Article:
After a review of 40,000+ inspection reports for Illinois nursing homes, the Chicago Tribune‘s Sam Roe reports that the paper found 1,200 violations (affecting 2,900 patients) involving psychotropic drugs since 2001. More than 600 patients were drugged without their consent. According to Roe, “The actual numbers are likely far higher because regulators inspect some facilities just once every 15 months, and even then they usually check only a small sample of residents for harm.”
The violations, many of which were caused by a desire to make patients easier to deal with, were “for ‘chemical restraint’ and ‘unnecessary drugs’ as well as cases involving dosages that exceeded safety standards or falls in which psychotropics possibly played a role.”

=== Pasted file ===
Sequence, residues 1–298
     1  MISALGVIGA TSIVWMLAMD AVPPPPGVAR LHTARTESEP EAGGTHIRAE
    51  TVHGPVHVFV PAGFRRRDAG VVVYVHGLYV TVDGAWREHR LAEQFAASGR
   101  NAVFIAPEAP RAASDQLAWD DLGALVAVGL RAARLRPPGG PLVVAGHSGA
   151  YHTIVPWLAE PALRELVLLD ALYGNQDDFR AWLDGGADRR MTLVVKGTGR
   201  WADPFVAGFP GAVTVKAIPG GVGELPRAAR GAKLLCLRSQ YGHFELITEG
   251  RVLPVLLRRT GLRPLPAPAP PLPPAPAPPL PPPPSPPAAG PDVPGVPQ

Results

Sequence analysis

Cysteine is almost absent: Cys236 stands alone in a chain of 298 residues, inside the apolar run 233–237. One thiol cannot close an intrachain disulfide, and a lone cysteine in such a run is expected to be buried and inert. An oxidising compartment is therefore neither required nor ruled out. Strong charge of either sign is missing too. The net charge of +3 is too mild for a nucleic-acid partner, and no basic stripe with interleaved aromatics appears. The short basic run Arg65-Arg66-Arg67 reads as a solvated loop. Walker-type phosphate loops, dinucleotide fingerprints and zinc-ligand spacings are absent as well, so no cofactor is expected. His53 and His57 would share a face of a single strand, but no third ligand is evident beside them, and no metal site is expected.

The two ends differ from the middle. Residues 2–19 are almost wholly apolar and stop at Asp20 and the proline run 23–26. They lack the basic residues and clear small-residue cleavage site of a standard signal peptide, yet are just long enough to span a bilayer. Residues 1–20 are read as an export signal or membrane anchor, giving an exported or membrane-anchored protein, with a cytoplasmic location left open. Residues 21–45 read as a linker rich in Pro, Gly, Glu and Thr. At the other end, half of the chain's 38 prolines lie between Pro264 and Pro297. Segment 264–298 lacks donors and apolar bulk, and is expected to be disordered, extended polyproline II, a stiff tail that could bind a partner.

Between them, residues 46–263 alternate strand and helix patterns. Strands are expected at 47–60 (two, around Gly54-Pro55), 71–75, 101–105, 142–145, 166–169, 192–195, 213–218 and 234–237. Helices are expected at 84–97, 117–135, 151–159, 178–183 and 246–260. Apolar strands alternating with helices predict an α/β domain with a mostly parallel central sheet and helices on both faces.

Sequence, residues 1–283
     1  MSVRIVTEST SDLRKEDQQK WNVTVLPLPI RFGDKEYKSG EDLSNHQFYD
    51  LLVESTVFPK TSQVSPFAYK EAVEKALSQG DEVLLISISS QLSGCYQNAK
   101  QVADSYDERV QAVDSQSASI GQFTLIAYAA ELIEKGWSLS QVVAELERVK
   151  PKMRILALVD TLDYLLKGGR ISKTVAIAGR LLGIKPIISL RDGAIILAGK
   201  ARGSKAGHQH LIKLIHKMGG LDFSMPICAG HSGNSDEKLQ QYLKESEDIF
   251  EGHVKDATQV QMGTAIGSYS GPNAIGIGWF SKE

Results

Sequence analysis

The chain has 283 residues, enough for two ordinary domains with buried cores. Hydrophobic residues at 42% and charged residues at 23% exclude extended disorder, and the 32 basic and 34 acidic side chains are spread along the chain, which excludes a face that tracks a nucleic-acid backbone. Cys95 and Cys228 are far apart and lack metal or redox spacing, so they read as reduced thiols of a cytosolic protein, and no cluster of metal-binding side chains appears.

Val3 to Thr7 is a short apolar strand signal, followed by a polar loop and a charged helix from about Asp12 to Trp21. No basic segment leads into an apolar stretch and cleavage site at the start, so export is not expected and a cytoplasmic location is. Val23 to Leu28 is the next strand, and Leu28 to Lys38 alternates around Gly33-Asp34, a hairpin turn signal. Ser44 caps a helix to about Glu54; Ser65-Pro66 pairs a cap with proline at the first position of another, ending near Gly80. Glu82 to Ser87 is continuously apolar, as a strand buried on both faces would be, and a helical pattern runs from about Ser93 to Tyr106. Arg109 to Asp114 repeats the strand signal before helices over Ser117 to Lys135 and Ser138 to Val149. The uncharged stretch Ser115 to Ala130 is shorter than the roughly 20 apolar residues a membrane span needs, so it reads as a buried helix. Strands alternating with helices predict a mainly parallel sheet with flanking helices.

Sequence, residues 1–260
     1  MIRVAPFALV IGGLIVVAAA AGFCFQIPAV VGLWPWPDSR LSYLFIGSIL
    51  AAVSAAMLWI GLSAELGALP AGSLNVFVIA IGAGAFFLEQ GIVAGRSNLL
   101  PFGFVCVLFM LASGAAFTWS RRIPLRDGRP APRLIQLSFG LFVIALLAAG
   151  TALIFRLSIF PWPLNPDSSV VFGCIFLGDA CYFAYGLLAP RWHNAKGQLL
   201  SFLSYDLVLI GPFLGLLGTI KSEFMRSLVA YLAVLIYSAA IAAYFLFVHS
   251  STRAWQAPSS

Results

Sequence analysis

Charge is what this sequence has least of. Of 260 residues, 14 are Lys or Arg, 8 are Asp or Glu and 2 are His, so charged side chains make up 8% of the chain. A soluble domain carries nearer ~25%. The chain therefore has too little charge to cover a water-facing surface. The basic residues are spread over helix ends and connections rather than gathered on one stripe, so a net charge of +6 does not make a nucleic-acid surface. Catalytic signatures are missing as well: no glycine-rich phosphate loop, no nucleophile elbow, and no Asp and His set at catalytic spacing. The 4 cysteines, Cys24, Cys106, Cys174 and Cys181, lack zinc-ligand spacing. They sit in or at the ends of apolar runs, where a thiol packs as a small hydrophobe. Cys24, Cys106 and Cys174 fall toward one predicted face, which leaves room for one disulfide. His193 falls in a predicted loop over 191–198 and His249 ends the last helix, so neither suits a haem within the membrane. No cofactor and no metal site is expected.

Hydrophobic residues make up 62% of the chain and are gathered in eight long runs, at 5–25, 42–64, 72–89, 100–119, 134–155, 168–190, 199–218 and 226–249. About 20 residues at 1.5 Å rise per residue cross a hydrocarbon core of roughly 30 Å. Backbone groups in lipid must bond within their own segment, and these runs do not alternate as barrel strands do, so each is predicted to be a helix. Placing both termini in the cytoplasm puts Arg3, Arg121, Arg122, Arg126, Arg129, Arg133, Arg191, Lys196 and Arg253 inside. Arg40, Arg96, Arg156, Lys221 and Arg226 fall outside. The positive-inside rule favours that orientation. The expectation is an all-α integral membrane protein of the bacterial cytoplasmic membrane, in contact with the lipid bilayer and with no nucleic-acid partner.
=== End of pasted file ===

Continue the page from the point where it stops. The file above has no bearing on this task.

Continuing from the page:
While some nursing home residents suffer from major mental illnesses, such as schizophrenia, the inspection reports show that many patients harmed by antipsychotic drugs had not been diagnosed with psychosis. They were disabled by Alzheimer’s disease, cancer or Parkinson’s disease. Some were blind or so frail that they could not breathe without the aid of an oxygen tank.
In a follow-up story, Roe reveals that doctors responsible for these dubious prescriptions are not held accountable, even when cited by government entities.
The Chicago Tribune‘s full series on nursing home safety can be found here.